So, remember when I was left with a divot after planing some cherry on the lid of my latest project?
Yeah, I was hoping you’d forget, but I knew you wouldn’t. But, that’s cool! I’ve got this one nailed here. I went out and bought some new, fresh 80 grit belts for the sander and got ready to set to work.
But, safety first! You will also notice that I’m wearing my full safety complement – which really needs to be dusted. But, hey, there’s no substitute for safety.
I also took the time to attach the dust collector hose directly to the sander. This way, all of the sanding dust was going to get picked up at the source instead of floating all around the shop.
I clamped the lid down to the bench and took the time to mark a pencil line across the piece. This way, it would help ensure that my sanding would be nice and even. The clamping? Well, that was to make sure the lid didn’t become airborne…
As I had explained in my should-have-been-award-winning 2011 post My Abrasive Personality, I started the sander across the grain, which just so happened to be with the grain on the breadboard edges, and worked it evenly across the surface. Surprisingly, it took very little effort to level out all the little imperfections in the lid, and fix the divot I dug with the hand planes. I even used a straightedge along the surface just to make sure I wasn’t sanding hollows into the lid.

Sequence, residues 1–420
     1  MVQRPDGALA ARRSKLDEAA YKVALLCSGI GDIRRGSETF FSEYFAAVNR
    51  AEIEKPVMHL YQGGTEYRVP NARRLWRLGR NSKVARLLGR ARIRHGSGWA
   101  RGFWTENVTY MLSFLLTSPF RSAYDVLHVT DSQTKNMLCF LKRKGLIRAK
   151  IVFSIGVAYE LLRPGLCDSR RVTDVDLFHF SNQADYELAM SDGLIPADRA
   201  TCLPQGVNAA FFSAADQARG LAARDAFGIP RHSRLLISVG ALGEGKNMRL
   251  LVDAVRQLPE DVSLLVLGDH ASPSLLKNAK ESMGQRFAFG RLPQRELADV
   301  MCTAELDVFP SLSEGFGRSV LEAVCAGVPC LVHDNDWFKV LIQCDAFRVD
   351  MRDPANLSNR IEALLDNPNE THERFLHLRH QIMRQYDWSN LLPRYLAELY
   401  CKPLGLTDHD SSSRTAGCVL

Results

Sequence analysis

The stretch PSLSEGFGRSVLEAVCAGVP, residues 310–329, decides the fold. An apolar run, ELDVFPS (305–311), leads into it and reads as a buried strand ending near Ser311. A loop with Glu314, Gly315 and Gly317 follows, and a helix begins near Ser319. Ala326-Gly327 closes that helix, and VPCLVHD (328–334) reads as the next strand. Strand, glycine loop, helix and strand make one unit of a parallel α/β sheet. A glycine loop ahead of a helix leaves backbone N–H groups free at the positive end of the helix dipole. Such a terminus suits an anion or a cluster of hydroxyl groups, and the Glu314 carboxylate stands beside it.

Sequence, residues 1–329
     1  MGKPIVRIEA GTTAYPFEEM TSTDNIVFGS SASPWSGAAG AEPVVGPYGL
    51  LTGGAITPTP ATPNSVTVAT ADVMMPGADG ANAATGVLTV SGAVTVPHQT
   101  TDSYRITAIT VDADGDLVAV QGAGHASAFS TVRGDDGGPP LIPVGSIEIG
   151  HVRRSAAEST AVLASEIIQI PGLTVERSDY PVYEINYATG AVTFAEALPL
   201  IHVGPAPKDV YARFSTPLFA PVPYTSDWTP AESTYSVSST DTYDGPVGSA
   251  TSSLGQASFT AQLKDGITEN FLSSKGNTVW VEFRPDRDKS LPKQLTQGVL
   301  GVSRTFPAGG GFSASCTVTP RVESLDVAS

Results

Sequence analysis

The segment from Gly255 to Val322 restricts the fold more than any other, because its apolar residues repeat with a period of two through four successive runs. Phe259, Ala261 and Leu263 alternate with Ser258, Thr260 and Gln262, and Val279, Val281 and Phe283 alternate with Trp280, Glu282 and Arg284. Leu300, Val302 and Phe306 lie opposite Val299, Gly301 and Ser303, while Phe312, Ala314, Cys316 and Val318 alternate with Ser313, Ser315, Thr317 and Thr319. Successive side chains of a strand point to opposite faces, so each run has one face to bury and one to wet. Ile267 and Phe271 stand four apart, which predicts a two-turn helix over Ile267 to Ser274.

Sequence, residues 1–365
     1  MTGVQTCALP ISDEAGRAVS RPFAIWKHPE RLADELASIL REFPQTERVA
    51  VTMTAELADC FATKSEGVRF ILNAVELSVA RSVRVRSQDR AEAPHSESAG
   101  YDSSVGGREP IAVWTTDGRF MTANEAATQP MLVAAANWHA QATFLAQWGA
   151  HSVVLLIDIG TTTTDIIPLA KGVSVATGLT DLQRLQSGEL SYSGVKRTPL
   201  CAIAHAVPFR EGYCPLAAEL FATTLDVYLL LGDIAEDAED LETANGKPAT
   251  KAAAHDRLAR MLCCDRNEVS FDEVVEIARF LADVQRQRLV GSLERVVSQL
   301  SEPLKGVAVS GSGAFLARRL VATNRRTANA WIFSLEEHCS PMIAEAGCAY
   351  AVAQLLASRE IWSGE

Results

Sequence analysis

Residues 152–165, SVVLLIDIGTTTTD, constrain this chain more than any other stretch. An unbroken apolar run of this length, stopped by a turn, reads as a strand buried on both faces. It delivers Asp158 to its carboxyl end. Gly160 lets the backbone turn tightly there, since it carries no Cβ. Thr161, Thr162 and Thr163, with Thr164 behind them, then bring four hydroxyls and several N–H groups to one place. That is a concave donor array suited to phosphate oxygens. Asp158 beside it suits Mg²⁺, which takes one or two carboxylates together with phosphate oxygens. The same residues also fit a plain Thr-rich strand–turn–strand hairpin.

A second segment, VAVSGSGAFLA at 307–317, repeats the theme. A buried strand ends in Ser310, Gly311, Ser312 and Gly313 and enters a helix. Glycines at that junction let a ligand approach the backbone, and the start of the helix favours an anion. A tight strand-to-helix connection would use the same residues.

To ensure I was sanding with maximum efficiency, I stopped every few minutes and ran the sanding belts against a crepe rubber sanding block to remove any sanding dust that embedded itself on the belt. Sure, I could have used a crepe rubber soled shoe, but a) I didn’t have one and b) I bought this crepe rubber block on a stick about a decade ago, and it still has plenty of life in it. Cost me a whopping $6. Woooo…..
With the heavy leveling done, and the kids needing help to get their homework done, I decided to call it a night. But, I wanted to make sure I had the next tool ready to roll in the prep process.
Yup, the random orbit sander is going to get a workout, followed by a little scraping to get a nice, smooth finish on this beauty.
Then, the embellishment, followed by a finish and – hopefully – the presentation to a happy niece…